Fighting to Survive: 3 Species That Face Dismal Odds

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Some species don’t have what it takes to survive in today’s rapidly changing world. For these three species, it seems like the whole world is out to get them.  Environmental changes, man-made destruction, poaching and cutthroat predators are just some of the things that these species have to worry about on a daily basis. While scientists and conservationists continue to do everything they can to prevent total extinction, the odds are pretty slim for the remaining members of these withering species. Learn the how and why behind today’s most endangered animals.

Amur Leopard

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Native to the forests of southeast Russia and northeast China, the Amur leopard has been having a rough few decades. The species has been considered critically endangered since 1996. Conservationists estimate that there are only about 60 Amur leopards left throughout all of Asia.

These leopards are significantly more choosy about where they call home than most animals. They like to perch in mountainous caves near a river basin. Currently, all the remaining Amur leopards are thought to inhabit Primorsky Krai, a Russian Province near the Chinese border. They hunt in the evening and in the early morning, preferring to spend the hottest hours of the day out of the sun.

Major Threats:

Amur leopards have a number of significant threats to contend with in the wild. Poaching continues to be by far the most severe. Numerous leopard skins have been confiscated in both Russia and China. Local villagers have also been killing off a significant portion of the Amur leopard population in recent years. Many hunt out of necessity for food, killing Amur leopards for less competition in the wild. Others may try to sell the animal’s illustrious coat illegally.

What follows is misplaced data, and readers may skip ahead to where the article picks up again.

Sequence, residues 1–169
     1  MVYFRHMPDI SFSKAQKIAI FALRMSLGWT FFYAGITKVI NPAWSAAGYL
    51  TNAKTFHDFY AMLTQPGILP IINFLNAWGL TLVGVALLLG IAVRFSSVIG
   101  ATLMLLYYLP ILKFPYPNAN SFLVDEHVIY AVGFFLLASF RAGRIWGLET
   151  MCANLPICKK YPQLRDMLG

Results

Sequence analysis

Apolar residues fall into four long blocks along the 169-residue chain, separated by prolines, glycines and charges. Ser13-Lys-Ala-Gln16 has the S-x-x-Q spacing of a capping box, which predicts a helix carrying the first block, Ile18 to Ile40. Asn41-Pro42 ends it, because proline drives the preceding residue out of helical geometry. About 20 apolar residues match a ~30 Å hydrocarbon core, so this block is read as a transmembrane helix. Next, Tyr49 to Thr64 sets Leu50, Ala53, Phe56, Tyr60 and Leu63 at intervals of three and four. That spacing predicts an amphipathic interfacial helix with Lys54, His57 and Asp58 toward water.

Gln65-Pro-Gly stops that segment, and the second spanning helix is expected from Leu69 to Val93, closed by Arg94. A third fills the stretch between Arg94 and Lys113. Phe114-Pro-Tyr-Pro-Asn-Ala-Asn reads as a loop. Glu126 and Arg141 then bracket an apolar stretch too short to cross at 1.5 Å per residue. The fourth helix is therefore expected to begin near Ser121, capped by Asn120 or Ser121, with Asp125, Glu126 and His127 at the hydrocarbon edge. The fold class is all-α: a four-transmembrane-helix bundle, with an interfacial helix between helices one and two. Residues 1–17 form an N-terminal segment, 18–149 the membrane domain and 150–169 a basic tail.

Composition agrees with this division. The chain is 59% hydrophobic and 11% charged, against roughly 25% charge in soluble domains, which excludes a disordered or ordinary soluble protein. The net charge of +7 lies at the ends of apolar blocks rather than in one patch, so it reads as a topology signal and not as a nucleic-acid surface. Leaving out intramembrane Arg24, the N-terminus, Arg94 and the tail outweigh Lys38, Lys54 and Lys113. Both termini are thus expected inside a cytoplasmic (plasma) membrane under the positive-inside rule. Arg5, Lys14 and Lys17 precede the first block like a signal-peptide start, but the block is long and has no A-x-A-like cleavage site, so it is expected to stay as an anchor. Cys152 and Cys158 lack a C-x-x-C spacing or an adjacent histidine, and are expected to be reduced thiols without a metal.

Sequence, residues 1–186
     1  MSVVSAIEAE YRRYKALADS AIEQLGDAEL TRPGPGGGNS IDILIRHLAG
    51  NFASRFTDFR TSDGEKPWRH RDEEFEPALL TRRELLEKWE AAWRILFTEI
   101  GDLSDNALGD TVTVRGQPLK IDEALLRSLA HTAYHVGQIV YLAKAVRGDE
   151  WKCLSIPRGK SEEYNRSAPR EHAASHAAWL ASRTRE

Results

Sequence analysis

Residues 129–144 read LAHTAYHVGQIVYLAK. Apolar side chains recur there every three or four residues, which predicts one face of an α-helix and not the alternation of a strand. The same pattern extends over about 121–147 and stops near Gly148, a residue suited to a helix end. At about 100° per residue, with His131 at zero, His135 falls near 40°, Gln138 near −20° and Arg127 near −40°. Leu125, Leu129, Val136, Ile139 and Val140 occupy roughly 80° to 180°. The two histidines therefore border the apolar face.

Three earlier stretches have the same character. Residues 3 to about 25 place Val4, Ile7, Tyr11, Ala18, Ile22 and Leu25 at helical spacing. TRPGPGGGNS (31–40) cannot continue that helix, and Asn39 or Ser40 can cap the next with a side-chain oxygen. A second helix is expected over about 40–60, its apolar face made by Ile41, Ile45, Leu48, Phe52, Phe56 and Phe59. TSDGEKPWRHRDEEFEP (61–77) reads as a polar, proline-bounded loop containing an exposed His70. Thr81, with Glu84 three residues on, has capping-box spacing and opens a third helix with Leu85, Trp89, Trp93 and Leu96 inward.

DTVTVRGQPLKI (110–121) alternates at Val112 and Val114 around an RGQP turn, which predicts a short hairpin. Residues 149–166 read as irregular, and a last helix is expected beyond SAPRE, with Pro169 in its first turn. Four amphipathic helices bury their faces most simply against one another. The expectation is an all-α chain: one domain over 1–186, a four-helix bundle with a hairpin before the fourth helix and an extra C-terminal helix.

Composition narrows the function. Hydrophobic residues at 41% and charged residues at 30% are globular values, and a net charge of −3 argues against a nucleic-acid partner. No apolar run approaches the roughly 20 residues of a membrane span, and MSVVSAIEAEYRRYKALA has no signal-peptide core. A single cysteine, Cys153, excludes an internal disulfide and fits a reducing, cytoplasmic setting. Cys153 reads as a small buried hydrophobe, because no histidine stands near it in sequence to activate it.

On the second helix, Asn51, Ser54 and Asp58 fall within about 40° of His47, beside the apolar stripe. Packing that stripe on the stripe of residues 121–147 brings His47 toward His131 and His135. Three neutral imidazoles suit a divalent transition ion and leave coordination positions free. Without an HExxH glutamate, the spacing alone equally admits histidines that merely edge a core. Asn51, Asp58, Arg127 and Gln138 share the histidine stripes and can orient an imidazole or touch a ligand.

Deforestation is also a major concern for the Amur leopard population. Many local farmers have a habit of setting fire to the land in order to kill off insects and convert forestlands into usable fields.

Black Rhino

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While not always black, the black rhino has seen its fair share of hardships over the last few years. Three black rhino subspecies were officially decreed extinct in 2011. Current estimates put the black rhino population at less than 6,000. There are still five remaining subspecies left in the black rhino family, but sadly those numbers are rapidly declining.

They dwell throughout eastern and southern Africa including South Africa, Zimbabwe, Malawi, and Kenya. Two things usually govern the behavior of black rhinos: food and water. They are not known to be territorial, choosing instead to roam wherever they have the best chance of finding food. They also don’t put too much emphasis on personal relationships, as they are often seen wandering solo.

Major Threats:

Black rhino horns continue to fetch a high price throughout much of Africa. Endless war and international conflict have led to an increase in poaching and illegal hunting in the African continent. Demand for rhino horns went through the roof in the 1970s. Conservationists believe that the black rhino population declined a whopping 96% between 1970 and 1992.

Currently, rhino horn sells for an astonishing $30,000 per pound. To make matters worse, hunting and poaching laws are more difficult to enforce throughout Africa, as southern nations continue to face a wealth of imminent threats including the ongoing AIDS epidemic and relentless civil war.

Bornean Orangutan

Pongo pygmaeus Orang-utan with baby at Camp Leakey Tanjung Puting Reserve South Kalimantan, Indonesia

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The Bornean orangutan is in short supply these days. Despite being one of the most intelligent species on Earth, the orangutan population is quickly vanishing throughout the island of Borneo. You’ll find them nestled in the tropical forests of the Bornean lowlands. According to the World Wildlife Fund, the Bornean orangutan population has declined by over 50% over the last 60 years, with only around 50,000 animals still in existence.

Major Threats:

A lack of access to a sustainable habitat is the biggest threat facing the Bornean orangutan today. 55% of the species’ habitat has been destroyed or repurposed in the last 20 years alone. Increased lodging and wildfire on the island are two of the main culprits. Palm oil plantations have also grown considerably in Borneo over the last several decades, restricting the orangutan population to a few remote areas.

Villagers have also been known to hunt orangutans, selling their remains in the bushmeat trade. Although killing orangutans is illegal in Indonesia, the country rarely enforces such laws. If nothing can be done to safeguard these precious lands, the Bornean orangutan will be extinct before we know it.

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